The Other Western
This issue of Transformations seeks submissions from scholars in film and related fields concerning the 'other' Western. The 'other' Western is the possibilities implied by the Western itself, and how these possibilities might lead in other directions, other pathways. From its beginnings in the silent era, the film Western has always been at the forefront of innovations in cinematography, mise-en-scene, film style and the development of techniques of narration and characterisation. For Jim Kitses, the genre of the Western is
a vital structure through which flow a myriad of themes and concepts. As such the genre can provide filmmakers with a range of possible connections and the space in which to experiment, to shape and define the kinds of effects and meanings they are working towards. (Kitses, Horizons West, New Edition, 2004, p. 10)
The classical Western has been at the centre of the mythologizing of the American project: the taming and conquering of the frontier and the justification of the colonial will against indigenous peoples. The violence of Westerns poses questions concerning the right of land ownership in laws and principles embodied in certain character types and events, reaching into broader issues of politics and identity, and the paradoxes of freedom, individuality and the destiny of peoples beginning to emerge in modern, industrializing new world formations. In this issue we are looking for readings that challenge, re-appraise and subvert this classical position, either by examining the classical Western itself – its hidden contours, narrative aporias and excessive mise-en-scene for instance – or by looking at other ways in which the Western genre and formats have been, and continue to be used in different cultures and social terrains.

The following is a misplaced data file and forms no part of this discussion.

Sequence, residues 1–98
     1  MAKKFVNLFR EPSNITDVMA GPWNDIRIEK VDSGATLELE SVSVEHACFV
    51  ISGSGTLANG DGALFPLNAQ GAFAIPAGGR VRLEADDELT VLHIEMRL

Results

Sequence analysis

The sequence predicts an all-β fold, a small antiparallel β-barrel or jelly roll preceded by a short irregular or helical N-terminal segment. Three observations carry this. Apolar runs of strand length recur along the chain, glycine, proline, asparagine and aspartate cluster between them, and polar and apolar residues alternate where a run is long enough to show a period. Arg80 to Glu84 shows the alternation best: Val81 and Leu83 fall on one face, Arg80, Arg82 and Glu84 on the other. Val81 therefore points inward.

Some possible focal points include:
Modifications to the Western as a hybrid form;
The Western as a global or world cinema phenomenon;
New media experimentation with the Western format;
Silent era Westerns and questions of the archive;
Historical re-readings of the Western: its meanings, themes and cinematic innovation;
The politics of the Western: challenging founding myths and stories;
Race and the Western: revisions;
A re-appraisal of the feminine in the Western;
The Western mise-en-scene: counter-images;
The Western writes back: responses to the Western from the margins;
New readings of violence in the Western.
We are seeking abstracts of no more than 500 words in the first instance, setting out the focus, general argument and conceptual terrain, as well as the films, television, new media or other textualisations of the Western you will be addressing.
Abstracts due: 1 June, 2013
Authors Notified: 15 June 2013
Papers due: 15 September 2013
Please send abstracts and any other correspondence to either Grayson Cooke or Warwick Mules at the following email addresses:
For submission guidelines and to view Transformations online go to: